I guess no-one hits the target every time, creatively speaking: I certainly know I don’t. But after our project to watch the complete Coen Brothers oeuvre in (rough) chronological order led us to three mediocre films in quick succession, I’m hoping they just had a bad patch—certainly their later movies have a good reputation. It’s hard not to make comparisons. Every director has their ups and downs, their less successful endeavours; but even a poor Quentin Tarantino or Mike Leigh film is still pretty much a good movie, and still recognisably the work of that director. Presumably the Coens wanted to make some big Hollywood bucks, as they were writers and directors for hire on the three productions I’m thinking of: O Brother, Where Art Thou?, Intolerable Cruelty, and the one we’ve seen most recently, their remake of Alexander Mackendrick’s 1955 Ealing classic The Ladykillers.
All judgements of quality are relative, of course. The Ladykillers isn’t bad in the sense that there are things wrong with the acting or the editing, or that it obviously lacks self-awareness with respect to race or gender (although there are a couple of borderline moments in respect of the latter). It tells its story clearly, and delivers a lot of well-prepared and well-paced gags. It has a strong cast, and although they certainly ham things up, that’s no kind of a criticism in and of itself. It’s a perfectly decent Hollywood comedy, ideal for whiling away a lazy afternoon when you want to give your brain a rest: in other words, it’s thoroughly mediocre, and shows little or no sign of its creators’ trademark narrative and cinematographic innovation.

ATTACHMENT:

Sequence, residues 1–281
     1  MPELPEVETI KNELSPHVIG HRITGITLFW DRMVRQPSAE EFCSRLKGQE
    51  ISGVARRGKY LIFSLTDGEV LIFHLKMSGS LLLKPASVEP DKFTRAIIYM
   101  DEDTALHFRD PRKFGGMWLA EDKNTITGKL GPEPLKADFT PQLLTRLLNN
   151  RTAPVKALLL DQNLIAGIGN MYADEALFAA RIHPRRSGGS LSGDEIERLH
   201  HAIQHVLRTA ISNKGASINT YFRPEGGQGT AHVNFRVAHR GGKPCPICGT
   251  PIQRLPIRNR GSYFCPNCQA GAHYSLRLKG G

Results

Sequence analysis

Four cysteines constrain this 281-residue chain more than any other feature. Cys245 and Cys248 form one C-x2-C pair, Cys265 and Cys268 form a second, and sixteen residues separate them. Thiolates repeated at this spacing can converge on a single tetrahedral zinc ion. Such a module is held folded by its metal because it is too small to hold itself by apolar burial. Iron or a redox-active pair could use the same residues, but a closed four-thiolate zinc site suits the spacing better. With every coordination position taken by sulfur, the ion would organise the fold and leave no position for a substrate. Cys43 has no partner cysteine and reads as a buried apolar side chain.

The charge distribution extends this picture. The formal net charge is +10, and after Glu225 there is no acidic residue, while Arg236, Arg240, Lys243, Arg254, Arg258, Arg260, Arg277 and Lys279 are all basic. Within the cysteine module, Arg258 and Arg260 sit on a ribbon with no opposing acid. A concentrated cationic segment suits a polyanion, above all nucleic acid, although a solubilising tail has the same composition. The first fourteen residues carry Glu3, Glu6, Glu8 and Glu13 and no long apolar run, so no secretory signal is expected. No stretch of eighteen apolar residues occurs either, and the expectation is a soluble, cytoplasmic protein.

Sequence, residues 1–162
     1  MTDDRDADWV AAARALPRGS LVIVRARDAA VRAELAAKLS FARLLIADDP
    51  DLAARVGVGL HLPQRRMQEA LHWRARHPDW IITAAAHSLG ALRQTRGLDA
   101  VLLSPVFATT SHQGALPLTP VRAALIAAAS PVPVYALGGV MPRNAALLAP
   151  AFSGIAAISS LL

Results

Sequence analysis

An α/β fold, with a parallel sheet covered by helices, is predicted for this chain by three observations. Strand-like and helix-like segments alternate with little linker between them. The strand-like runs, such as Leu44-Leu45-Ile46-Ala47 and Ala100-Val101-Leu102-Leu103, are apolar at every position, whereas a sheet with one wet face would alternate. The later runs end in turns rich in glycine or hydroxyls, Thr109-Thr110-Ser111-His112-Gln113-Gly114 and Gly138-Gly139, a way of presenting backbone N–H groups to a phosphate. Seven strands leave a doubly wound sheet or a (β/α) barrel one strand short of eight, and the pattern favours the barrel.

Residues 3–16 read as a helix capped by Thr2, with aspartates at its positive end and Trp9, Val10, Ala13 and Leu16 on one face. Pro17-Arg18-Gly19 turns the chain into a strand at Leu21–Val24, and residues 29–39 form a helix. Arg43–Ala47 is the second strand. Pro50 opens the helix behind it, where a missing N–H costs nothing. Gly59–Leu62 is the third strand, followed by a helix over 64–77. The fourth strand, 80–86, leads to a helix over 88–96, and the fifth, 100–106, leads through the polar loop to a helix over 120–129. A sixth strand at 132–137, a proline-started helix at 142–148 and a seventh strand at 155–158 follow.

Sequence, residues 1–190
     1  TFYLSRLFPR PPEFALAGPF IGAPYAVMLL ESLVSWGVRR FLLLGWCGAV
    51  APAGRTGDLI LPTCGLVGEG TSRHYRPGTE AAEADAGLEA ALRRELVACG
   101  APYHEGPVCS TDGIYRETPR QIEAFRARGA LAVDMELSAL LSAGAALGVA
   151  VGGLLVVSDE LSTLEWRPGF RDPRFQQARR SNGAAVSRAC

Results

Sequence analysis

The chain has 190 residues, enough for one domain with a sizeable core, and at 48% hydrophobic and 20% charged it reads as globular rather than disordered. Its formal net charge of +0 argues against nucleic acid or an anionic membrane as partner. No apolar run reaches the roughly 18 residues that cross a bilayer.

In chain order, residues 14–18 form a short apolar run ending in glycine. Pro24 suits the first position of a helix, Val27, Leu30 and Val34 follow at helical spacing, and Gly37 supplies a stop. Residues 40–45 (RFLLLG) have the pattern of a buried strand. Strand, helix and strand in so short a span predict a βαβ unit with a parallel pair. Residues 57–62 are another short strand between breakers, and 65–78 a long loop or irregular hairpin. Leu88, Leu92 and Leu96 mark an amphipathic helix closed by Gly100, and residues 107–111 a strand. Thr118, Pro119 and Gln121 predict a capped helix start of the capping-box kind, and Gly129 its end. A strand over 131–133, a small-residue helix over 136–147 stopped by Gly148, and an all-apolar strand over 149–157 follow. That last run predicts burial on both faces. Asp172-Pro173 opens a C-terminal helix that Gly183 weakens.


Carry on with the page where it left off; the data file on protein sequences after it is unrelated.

What this film doesn’t do is add anything to the story told in the original British flick. It doesn’t really reinvent it in any notable way—in fact it seems at pains to reproduce and translate its cultural frame of reference as faithfully as possible, while transposing its setting to a soft-focus version of contemporary America. The only thing that seems to have been done to the original property, is to make it marketable to a modern movie audience. So someone presumably had the rights, thought they’d like to exploit them, and hired the Coens to put together an appropriate product. They don’t miss the target like they did in Intolerable Cruelty, whose protagonists are so unsympathetic I was utterly uninterested in finding out what happened to them, but there’s honestly nothing much to say about this film. It’s The Ladykillers, but it’s set in Mississippi in 2004. As far as I can tell, it’s completely unnecessary.